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Scientists want to put fiber optic cables on the moon

Seismologists have long harnessed the Earth’s underbelly’s secrets through seismic waves using fiber optic cables, a technique now eyed for the Moon’s mysteries.

The question at the core of a recent study by Wenbo Wu and colleagues from the Woods Hole Oceanographic Institute isn’t just theoretical — it’s a stepping stone towards unveiling the enigmatic layers of our celestial neighbor.

Lunar seismology with fiber optic cables

Wu and his team have proposed an audacious plan: deploying a fiber optic seismic network on the moon’s surface. This isn’t a mere flight of fancy.

The groundwork is laid on the Apollo missions’ legacy, which, between 1969 and 1976, installed four seismometers on the Moon.

These instruments captured thousands of seismic activities, revealing both the shallow and profound moonquakes and meteorite impacts.

However, the Apollo data left unanswered questions, notably the scarcity of moonquakes detected on the Moon’s far side and the detection of quakes deep below the surface, at depths where, on Earth, materials behave differently due to heat and pressure.

Distributed acoustic sensing (DAS) on the Moon

Enter Distributed Acoustic Sensing (DAS), the proposed technology for this lunar endeavor. DAS doesn’t just observe seismic activity. It redefines observation.

Utilizing the minor imperfections in a long fiber optic cable laid under the moon’s regolith, DAS will transform these flaws into a dense array of seismic sensors.

A single cable, as Wu highlights, could offer thousands of individual sensors, a density unachievable with traditional methods.

This technology is adept at capturing and analyzing the seismic waves disturbed by lunar quakes, offering a granular view of the Moon’s internal machinations.

One significant hurdle in lunar seismology is the Moon’s regolith, a porous and fractured rubble blanket that scatters the initial seismic waves of a moonquake.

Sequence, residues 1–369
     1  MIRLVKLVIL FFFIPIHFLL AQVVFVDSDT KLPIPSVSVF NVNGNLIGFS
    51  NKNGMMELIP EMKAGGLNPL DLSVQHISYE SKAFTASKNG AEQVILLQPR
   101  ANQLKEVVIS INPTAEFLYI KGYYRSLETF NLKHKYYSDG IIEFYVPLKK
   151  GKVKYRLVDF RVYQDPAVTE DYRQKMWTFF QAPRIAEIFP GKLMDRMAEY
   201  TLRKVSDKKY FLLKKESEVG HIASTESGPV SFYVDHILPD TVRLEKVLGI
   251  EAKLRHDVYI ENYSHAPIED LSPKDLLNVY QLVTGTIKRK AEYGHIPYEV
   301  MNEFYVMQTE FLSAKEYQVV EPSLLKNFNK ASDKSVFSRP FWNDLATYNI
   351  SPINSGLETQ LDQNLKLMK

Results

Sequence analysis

This scattering muddies the waters, obscuring the waves that follow, which could provide insights into the Moon’s deeper secrets.

Sifting through cosmic chatter

Wu’s team addresses this challenge head-on with array stacking, a signal processing technique that filters the noise, revealing the deep signals hidden within.

Their method’s efficacy was proven through artificial seismograms derived from Apollo mission data, successfully identifying the ScS seismic wave phase.

This shear wave, crucial for understanding the Moon’s inner structure, travels from the quake’s origin to the core and back, a journey unveiled through Wu’s innovative approach.

The implications of Wu and colleagues’ research extend beyond academic curiosity. Before any physical deployment on the Moon, the team emphasizes the necessity of robust numerical simulations to predict the data’s potential yield and applications.

Infinite potential of fiber optic cables on the moon

This preparatory step ensures that, if realized, a fiber optic seismic network on the moon could operate for years, if not decades, with proper power and maintenance provisions.

Moreover, the possibility of integrating this seismic network with other lunar initiatives, such as a proposed radio telescope on the Moon’s far side, could economize and amplify the scientific outcomes.

Wu envisions a collaborative approach to lunar exploration, where combining projects could not only reduce costs but also maximize scientific returns.

In summary, the intriguing research by Wenbo Wu and his team heralds a new era in lunar exploration, promising to unlock the mysteries of the Moon’s deep core structure through the innovative application of Distributed Acoustic Sensing technology.

By leveraging the dense array of sensors provided by a single fiber optic cable, this approach addresses the lingering questions left by the Apollo missions while planning for future seismic networks on the Moon.

With the potential to operate for decades and the capability to integrate with other lunar initiatives, this fiber seismic network stands as a testament to human ingenuity and the relentless pursuit of knowledge beyond our Earthly confines.

The full study was published in the journal Seismological Research Letters.


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